When Barack Obama and Joe Biden were elected on Nov. 4, two Democratic governors were given opportunities to replace them.
When Hillary Clinton and Ken Salazar joined the cabinet, two more Democratic governors were given opportunities to make appointments.
When Judd Gregg announced he would join the cabinet, a fifth Democratic governor was given the opportunity to make a Senate appointment.
Fully five percent of the Senate was up for grabs.
The results have been an embarrassment for the Democratic party, easily the most they-can't-run-a-two-car-parade moment since the Michigan-Florida debacle. The appointments have managed to combine voters' worst impressions of the Democrats: corruption, racial pandering, and general goofiness.
There are obviously different degrees of botching it with the laughably corrupt Rod Blagjevich's appointment of the laughably likely corrupt Roland Burris being the worst. David Paterson's brief exercise in Kennedy lore didn't exactly distinguish the New York governor. In Delaware, Ruth Ann Miner appointed Ted Kaufman to take Joe Biden's seat. Kaufman is a long-time aide to the Biden's and his appointment is seen as a mere placeholder for Beau Biden, the vice president's son, to run for the seat. Appointing Beau Biden now would have been seen as too crass.
Can you fault John Lynch, New Hampshire's popular governor, for agreeing, at the request of the White House, to appoint a Republican because that's what Judd Gregg insisted upon? I wouldn't cast too many aspersions on Lynch. It was Gregg, after all, who abruptly changed his mind.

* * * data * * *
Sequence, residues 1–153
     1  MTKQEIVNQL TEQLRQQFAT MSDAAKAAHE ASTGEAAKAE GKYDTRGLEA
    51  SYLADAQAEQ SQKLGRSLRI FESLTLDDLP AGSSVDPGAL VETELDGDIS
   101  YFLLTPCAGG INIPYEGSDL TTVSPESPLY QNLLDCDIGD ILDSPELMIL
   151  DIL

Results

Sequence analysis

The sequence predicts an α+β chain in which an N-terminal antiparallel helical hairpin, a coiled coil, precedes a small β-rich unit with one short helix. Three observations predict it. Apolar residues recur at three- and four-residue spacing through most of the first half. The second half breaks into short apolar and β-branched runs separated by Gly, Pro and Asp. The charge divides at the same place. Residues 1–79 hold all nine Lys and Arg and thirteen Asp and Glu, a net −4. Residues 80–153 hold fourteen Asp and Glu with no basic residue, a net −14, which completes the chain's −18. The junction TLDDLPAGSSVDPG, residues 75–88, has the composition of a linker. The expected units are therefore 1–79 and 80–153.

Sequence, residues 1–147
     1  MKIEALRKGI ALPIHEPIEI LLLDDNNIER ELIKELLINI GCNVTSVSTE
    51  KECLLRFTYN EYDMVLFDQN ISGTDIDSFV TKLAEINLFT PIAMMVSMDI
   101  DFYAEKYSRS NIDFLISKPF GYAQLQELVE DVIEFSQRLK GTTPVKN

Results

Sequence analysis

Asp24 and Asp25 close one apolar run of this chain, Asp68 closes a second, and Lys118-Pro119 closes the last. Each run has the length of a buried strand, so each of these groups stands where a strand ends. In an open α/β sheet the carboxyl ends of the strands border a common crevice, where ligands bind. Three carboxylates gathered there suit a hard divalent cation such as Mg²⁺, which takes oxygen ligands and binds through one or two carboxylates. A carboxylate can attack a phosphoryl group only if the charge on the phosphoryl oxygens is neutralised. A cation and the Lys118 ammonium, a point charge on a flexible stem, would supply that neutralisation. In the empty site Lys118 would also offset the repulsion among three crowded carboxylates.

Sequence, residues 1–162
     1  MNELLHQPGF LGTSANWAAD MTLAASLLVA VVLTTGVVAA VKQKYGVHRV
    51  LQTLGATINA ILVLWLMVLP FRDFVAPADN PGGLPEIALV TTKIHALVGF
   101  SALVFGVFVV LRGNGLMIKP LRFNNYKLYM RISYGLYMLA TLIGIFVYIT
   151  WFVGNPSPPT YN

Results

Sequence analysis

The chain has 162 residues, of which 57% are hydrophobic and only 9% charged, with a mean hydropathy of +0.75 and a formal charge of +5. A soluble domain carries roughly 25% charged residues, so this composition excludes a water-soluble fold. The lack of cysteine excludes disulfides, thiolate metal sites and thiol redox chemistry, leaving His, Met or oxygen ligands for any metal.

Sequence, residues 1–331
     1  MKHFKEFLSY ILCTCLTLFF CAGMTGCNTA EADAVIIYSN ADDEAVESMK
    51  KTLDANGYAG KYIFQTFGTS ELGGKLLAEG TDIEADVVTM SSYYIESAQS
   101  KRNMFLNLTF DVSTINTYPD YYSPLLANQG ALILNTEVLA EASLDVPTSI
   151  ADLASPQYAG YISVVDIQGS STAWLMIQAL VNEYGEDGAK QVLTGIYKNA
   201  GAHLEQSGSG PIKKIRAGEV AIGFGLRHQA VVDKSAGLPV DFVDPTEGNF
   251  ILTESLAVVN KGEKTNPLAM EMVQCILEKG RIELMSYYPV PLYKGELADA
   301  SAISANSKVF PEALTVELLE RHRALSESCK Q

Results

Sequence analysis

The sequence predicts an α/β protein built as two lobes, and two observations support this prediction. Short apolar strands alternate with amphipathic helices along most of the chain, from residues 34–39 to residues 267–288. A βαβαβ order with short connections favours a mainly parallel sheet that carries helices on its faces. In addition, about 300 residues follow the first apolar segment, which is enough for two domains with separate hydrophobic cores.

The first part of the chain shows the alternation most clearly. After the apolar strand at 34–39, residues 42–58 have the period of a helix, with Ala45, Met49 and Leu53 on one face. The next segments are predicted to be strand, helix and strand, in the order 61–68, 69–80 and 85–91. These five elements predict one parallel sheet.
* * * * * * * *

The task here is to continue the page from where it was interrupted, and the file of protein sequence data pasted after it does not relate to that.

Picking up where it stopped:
Finally, you have to say that the most seamless appointment was Bill Ritter's tapping Michael Bennet to fill Ken Salazar's seat in Colorado. I'm friends with Bennet's brother, James, the Atlantic editor, and I think he'll be a great senator and has a decent chance of holding on to the seat. You have to give Ritter the highest marks
All said, Democrats were presented with an interesting chance to put a new generation to politicians in play and they handled it in a middling way at best.
By the way, if Obama's seat goes Republican it'll be the first time in the 20th century, as best I can tell, that a president will have seen his party lose his seat while he's in office. Harding's Republicans held his Senate seat when he was elected president in 1920. Jack Kennedy's Senate seat stayed in Democratic hands. Vice presidential seats have flipped. Gerald Ford's house seat went to a Democrat in a special election after he was confirmed as Nixon's second veep. It would be pretty embarassing for the Republicans to pick up Obama's senate seat but if in the unlikely event Burris manages to stay in until 2010, can anyone doubt that's likely? That would be one more legacy of this weird season.